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The cycle of women in robotics: from vicious to virtuous

AIMEE VAN WYNSBERGHE: We must disrupt the cycle that leads to less women working in STEM

women in robotics
The Cycle of Women in Robotics: from Vicious to Virtuous

This is part of a blog series on women in STEM, with contributions throughout July from speakers at the Women in Science and Engineering Conference 2019

It is no secret that engineers and scientists around the world are disproportionately men and without disrupting this norm, the lack of women in STEM will continue to self-perpetuate.

Fewer women scientists leads to less studying or celebrating the experiences, successes and lives of women in relation to STEM. This gender data gap means robotics and AI solutions are created in a gendered way – reflecting the lived experience of men over women. This in turn means that women lose out on the benefits and disproportionately feel the downsides, which alienates them from STEM roles, bringing us back to where we started - a lack of women in STEM.

As an ethicist who studies the ethics of robotics and AI, I am consistently asking questions about how to design better robotics products in order to achieve what I call responsible robotics. Responsible robotics is about the design process as well as the product itself. It is concerned with the material from which the product is made, how it will interact with people, as well as the consequences of using it. The concept of a gender data gap provides a platform for asking questions specific to gender, diversity and inclusion in robotics. Giving voice – and therefore data – to women’s experiences with robots is one important obstacle to overcome in order to achieve the responsible design, development, and regulation of robotics.

In my early days as a research assistant I worked in a robotics institute in Canada. My role involved training surgeons on the various surgical robots and testing performance. Our focus was on how to measure accuracy and efficiency, but whilst accuracy in surgery is incredibly important, we also need to consider the bigger picture of how technology will impact in the contexts in which it is used. In surgery the pre and post-operative period are crucial for the well-being of the patient, as are the people responsible for patient support during these periods. Nurses will tell you that due to the introduction robots in surgery their entire role changed. New skills had to be learned and new responsibilities were delegated. For example, robotic surgery led to shorter hospital stays for patients, meaning that nurses had to train family members to care for their loved ones at home. However, none of this contributed to the evaluation of the robot. None of this is currently included in the history of the introduction of the surgical robot. And if this continues, none of this will be used to develop and implement the next generation of surgical robots.

Robots are also designed for other tasks like lifting, bathing, and feeding patients. And this trend extends well beyond the walls of the hospital. Robot vacuum cleaners, sanitizers, secretaries, educators, lovers, etc are all currently under development and in use. Each of these tasks and roles represent moments in which if we’re not careful the crucial experience of females could be missed to the detriment of society.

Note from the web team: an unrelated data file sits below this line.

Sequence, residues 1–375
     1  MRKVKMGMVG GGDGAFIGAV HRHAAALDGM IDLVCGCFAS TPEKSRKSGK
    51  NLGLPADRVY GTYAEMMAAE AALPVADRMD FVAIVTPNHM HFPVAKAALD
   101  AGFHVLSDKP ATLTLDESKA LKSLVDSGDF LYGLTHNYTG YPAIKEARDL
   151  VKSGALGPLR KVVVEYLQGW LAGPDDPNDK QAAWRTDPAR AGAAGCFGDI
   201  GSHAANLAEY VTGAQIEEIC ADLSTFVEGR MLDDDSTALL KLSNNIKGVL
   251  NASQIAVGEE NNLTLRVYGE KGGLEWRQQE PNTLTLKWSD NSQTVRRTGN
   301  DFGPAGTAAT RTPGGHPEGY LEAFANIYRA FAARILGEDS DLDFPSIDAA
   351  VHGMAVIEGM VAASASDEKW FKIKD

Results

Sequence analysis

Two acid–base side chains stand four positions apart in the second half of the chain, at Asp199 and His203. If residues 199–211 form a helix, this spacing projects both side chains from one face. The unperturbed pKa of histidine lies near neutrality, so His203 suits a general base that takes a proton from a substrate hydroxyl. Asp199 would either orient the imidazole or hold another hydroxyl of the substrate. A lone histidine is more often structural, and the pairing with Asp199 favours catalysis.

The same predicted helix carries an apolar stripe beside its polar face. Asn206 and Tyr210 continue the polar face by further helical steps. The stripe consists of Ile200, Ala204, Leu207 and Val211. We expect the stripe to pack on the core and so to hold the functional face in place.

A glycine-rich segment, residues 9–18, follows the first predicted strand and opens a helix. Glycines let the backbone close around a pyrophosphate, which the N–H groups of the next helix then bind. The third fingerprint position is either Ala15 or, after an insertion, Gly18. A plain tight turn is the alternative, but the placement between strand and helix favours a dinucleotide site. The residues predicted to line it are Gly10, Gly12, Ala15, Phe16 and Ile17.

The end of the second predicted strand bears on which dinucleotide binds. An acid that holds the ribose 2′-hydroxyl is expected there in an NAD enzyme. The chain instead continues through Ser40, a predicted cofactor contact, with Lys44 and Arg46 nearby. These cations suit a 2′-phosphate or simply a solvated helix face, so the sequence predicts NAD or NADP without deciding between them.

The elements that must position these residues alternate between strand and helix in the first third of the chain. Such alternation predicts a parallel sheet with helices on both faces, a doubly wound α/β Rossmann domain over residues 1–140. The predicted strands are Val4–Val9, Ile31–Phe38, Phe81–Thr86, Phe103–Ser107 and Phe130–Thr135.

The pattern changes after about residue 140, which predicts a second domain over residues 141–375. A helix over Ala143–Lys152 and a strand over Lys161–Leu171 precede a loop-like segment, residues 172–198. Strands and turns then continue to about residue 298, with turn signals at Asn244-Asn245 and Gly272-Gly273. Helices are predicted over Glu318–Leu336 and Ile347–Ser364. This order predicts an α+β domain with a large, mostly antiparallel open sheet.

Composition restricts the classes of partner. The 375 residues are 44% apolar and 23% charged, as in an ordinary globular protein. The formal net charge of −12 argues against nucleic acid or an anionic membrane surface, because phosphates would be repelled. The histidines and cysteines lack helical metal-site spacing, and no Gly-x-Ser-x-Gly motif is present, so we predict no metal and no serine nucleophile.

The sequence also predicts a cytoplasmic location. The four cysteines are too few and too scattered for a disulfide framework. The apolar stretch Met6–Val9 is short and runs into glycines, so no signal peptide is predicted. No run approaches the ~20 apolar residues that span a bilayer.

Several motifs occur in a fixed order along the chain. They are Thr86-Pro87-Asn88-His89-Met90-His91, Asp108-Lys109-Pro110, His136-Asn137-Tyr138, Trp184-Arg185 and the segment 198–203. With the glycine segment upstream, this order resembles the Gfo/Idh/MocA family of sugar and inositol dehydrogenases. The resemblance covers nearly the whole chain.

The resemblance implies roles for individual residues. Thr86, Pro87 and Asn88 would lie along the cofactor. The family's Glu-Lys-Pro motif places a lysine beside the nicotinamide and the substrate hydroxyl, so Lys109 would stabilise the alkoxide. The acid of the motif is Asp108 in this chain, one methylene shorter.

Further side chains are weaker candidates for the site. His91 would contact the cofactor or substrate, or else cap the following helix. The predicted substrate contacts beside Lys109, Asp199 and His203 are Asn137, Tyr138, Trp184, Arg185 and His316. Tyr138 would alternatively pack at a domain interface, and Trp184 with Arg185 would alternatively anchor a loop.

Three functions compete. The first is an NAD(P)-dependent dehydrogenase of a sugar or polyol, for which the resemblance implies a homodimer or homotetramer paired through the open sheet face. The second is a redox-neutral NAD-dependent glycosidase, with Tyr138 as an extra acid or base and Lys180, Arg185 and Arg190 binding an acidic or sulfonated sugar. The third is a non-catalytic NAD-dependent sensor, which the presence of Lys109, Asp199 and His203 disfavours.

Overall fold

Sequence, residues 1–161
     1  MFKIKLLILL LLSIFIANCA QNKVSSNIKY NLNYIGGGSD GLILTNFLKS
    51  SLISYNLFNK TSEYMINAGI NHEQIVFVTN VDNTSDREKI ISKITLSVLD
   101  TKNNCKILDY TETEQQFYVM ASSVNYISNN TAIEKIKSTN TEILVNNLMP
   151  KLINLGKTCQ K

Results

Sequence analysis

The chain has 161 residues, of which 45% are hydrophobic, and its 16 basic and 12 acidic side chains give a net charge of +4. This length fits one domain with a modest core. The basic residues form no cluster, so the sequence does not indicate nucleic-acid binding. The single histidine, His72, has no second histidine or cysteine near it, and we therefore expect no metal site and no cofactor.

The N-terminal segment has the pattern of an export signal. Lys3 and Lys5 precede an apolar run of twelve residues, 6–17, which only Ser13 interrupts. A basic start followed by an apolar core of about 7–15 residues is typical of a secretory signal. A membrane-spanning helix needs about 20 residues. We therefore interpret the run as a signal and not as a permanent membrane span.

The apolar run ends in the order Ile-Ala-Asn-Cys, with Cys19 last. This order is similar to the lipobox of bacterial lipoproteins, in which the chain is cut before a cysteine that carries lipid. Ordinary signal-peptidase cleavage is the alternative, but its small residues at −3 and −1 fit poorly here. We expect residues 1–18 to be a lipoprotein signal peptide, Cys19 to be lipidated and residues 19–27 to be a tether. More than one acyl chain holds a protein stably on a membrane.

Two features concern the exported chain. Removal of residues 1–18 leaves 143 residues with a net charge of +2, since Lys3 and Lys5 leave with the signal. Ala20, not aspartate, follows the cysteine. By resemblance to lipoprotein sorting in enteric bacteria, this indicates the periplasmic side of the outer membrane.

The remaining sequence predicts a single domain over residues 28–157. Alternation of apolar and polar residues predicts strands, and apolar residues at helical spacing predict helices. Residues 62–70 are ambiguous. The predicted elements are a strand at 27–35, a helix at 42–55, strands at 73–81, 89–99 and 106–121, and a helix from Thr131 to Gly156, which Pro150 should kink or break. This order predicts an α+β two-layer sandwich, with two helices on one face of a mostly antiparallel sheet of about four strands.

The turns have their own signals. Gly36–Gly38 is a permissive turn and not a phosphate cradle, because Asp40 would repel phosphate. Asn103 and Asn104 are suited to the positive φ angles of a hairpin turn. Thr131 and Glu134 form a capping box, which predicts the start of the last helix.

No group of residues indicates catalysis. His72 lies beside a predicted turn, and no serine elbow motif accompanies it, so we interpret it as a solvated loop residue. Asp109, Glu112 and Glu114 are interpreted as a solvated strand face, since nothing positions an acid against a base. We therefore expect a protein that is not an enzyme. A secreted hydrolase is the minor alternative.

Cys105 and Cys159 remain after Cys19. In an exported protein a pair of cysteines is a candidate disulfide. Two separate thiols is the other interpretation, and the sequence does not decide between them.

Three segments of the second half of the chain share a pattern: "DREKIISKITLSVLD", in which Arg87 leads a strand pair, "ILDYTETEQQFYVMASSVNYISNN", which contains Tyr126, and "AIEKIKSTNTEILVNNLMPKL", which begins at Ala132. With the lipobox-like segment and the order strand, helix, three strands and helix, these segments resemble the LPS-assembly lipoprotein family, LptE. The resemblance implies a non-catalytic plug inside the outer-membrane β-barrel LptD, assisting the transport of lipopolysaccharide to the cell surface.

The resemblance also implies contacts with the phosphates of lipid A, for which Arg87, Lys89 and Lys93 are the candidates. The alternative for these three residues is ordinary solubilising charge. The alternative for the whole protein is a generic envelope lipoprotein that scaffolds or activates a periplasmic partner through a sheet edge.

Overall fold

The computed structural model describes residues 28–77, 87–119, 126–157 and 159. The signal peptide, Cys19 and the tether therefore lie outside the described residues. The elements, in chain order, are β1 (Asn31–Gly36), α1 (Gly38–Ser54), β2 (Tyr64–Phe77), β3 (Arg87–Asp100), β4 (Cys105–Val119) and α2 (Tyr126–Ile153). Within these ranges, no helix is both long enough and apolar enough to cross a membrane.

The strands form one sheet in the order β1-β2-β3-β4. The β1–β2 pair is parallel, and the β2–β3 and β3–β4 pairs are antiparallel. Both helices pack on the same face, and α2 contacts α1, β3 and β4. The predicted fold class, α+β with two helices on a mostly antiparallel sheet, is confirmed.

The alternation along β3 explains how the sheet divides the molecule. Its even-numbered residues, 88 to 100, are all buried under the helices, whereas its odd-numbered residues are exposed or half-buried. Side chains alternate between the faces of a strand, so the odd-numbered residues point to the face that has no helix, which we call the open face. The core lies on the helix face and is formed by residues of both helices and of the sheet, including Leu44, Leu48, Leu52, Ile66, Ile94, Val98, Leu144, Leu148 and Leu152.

This is the vicious cycle we find ourselves in. The nature of robotics and AI makes vicious cycles like these for all kinds of vulnerable and underrepresented groups, not to mention the environment if we don’t consider electronic waste. We must find opportunities to disrupt this vicious cycle and turn it into a virtuous one, and this begins with closing the gender data gap. Such a task requires that we identify who is responsible for what? It also requires policy makers, educators, and heads of tech to foster inclusiveness in robotics, including intervening to increase the presence of women in STEM. It doesn’t have to mean turning every women into a roboticist, but acknowledging the fact that women and men experience the world differently and will both have invaluable insight into how robots should be designed and developed.

We also need to re-consider the kinds of (empirical) research we do to study the impacts of robots. Women will be users of and will be impacted by robot products, and it is time to give voice to their experiences. Employers, academics, and policy makers in the robotics space need to actively engage the female voice through qualitative and quantitative methods of study in human-robot interactions.

As Caroline Criado Perez in her book Invisible Women argues “When we are designing a world that is meant to work for everyone, we need women in the room”. Overcoming the gender data gap is not just about numbers or statistics; we need to hear the stories and experiences of women. Only then will we have the tools – and the data necessary to create better products and to shape our future with robots in an inclusive, ethical, and responsible way.

Aimee van Wynsberghe is co-director at the Foundation for Responsible Robotics and leads the development of a quality mark for robotics and AI products.